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Double feature: “It’s Love” and “Galaxy” February 2, 2012

Posted by Mike C. in Jazz, Music, Personal.
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Tuesday was doubly good to Eric Marienthal and Jeff Lorber.  Eric’s solo album, It’s Love, was released, and so was Galaxy, the album for Eric’s other band, The Jeff Lorber Fusion.  Both have a presence on each other’s albums, which I received via UPS yesterday evening.

After getting my Grover Washington, Jr. albums out of the way, I spent today listening to Eric and Jeff’s works.  We’ll start with It’s Love, produced by Chuck Loeb.  Chuck was on all but one of the ten tracks, wrote one, and co-wrote two with Eric.  Jeff Lorber appeared on four and co-wrote one with Eric.  Russell Ferrante of Yellowjackets appeared on five and also co-wrote one with Eric.  Jimmy Haslip, formerly of Yellowjackets and currently of Jeff Lorber Fusion, played bass on four tracks.  Brian Culbertson co-wrote and appeared on the last track.  The tracks are as follows:
1. Get Here (Brenda Russell cover) (4:29)
2. In A Sentimental Mood (Duke Ellington cover) (5:20)
3. Can’t Buy Me Love (The Beatles cover) (5:49) – This is a radically different arrangement than the original.  I call it a Beatles bossa nova.
4. It’s Love (5:51)
5. Two In One (6:21) – This has what I consider the vintage Chuck Loeb sound, which makes sense since he wrote it.  I love the call and response in the latter part.  That will be a blast if it’s played live.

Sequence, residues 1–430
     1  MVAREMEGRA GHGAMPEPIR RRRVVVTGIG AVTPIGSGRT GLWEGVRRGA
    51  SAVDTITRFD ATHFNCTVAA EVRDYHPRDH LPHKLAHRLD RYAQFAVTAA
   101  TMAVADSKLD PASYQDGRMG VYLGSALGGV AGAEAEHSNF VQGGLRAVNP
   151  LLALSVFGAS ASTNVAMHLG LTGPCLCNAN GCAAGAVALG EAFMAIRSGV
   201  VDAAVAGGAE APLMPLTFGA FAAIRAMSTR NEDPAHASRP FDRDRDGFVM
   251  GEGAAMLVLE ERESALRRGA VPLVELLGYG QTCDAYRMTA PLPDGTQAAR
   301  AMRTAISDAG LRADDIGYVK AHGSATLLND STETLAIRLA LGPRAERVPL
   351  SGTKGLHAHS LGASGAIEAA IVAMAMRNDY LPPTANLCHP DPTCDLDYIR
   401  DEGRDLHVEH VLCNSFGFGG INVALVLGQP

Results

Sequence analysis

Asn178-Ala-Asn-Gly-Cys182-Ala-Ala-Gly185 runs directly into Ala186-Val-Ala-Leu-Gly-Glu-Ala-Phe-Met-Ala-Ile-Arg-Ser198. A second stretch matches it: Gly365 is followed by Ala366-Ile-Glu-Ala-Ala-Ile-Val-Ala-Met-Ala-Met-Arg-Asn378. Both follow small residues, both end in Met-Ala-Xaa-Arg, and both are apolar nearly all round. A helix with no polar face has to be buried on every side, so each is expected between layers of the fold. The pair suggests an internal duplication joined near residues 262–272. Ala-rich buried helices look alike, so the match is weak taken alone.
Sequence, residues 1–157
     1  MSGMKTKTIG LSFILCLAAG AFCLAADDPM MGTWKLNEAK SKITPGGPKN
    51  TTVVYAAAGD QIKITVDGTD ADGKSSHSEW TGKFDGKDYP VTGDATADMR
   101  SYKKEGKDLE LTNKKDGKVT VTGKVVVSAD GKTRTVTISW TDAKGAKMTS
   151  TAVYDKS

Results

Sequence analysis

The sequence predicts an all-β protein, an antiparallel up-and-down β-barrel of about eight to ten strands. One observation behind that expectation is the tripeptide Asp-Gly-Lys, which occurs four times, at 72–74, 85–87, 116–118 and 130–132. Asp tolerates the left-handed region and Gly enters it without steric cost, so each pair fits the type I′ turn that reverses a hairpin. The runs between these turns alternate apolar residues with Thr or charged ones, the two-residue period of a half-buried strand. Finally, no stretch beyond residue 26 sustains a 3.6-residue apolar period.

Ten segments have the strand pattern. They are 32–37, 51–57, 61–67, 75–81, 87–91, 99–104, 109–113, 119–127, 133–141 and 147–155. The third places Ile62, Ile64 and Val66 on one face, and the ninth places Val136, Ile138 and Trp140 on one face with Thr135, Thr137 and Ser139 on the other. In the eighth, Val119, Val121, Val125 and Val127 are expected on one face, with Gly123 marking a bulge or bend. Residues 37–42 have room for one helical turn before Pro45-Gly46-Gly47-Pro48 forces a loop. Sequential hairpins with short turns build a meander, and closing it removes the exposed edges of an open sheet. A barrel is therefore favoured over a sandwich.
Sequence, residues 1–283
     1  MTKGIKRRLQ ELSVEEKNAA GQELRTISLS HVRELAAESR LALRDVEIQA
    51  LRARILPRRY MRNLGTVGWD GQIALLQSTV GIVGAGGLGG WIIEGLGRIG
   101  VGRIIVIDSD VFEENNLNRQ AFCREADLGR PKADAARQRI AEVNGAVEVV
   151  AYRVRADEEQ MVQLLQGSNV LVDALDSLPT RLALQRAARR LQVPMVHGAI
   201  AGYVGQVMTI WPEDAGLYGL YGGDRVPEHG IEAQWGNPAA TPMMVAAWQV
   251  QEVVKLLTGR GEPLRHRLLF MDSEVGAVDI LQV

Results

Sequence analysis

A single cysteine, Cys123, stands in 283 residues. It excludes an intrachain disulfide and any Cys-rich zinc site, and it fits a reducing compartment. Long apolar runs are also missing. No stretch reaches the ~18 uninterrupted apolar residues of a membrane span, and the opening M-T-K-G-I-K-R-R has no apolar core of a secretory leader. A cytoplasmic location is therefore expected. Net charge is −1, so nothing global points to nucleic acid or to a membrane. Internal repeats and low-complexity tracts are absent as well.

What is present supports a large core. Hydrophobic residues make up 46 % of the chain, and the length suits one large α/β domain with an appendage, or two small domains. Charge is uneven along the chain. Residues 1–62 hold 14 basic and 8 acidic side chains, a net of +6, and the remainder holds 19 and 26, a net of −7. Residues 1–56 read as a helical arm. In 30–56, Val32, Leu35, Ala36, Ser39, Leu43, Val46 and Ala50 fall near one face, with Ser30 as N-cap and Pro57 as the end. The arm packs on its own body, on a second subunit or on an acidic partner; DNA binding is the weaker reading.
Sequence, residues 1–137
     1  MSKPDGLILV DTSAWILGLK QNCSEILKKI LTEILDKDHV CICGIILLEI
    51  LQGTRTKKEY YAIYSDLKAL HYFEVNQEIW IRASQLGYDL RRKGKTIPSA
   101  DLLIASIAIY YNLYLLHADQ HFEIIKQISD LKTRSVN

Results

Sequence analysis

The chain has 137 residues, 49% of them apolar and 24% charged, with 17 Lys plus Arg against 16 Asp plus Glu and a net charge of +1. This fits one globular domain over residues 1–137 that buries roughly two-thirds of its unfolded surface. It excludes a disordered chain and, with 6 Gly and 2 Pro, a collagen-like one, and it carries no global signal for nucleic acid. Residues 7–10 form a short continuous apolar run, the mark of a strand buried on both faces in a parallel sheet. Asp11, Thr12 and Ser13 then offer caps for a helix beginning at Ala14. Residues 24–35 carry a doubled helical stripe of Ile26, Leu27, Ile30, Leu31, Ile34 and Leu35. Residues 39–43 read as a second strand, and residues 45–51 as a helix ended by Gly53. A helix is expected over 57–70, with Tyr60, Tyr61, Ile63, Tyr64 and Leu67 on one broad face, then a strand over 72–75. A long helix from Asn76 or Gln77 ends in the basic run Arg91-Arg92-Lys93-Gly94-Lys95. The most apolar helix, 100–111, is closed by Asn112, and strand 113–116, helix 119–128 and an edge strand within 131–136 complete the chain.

6. Costa Del Soul (5:20)
7. Babycakes (4:41)
8. Café Royale (6:00)
9. St. Moritz (5:25)
10. When I Found You (4:20)

And then there’s The Jeff Lorber Fusion’s Galaxy; not to be confused with Galaxian, the Fusion’s 1981 release.  In addition to new compositions, three original Fusion tunes and one Jeff solo tune are redone.  Eric Marienthal appears on nine tracks, Jimmy Haslip appears on seven.  The tracks:
1. Live Wire (7:03) – They start the album off with a bang here.
2. Big Brother (4:50)
3. Montserrat (4:58)
4. Singaraja (4:37) – Featuring Randy Brecker on trumpet
5. Galaxy (5:17)
6. City (4:29) – First heard on Wizard Island (1980).
7. Horace (5:34) – Dedicated to Horace Silver (2/13 UPDATE: The end is reminiscent of “Hudson” on Jeff’s 2007 album, He Had a Hat; a reprise, even.)
8. The Samba (4:49) – First heard on Soft Space (1978).  The original led with Terry Layne on saxophone, but this time, sax is traded for Larry Koonse on guitar.  The percussion isn’t as wild as in ’78.
9. Rapids (4:26)
10. Wizard Island (4:50) – First heard on Wizard Island (1980).
11. The Underground (4:39) – First heard on Jeff’s long-awaited solo album (seven years after his last one), Worth Waiting For (1993).; featuring Randy Brecker on trumpet.  An album that started with a bang ended with one.

I love both albums.  They are superb from start to finish.  For approximately two listening hours, I was in heaven.  I wish more people from my generation appreciated this genre as much as I do.

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Comments»

1. Candace - February 4, 2012

That was a really nice tribute to an inspiration like Grover Washington Jr. Thanks for the introduction, Mike

2. Mike C. - February 4, 2012

You’re welcome. Thank you for reading.

3. faceme - February 10, 2012

hi,can you tell me Jeff Lorber appeared on which four track,thanks 🙂

4. Mike C. - February 11, 2012

Jeff appeared on “Two in One,” “Costa Del Soul,” “Babycakes” (he also played guitar on that in addition to Chuck Loeb), and “St. Moritz.”


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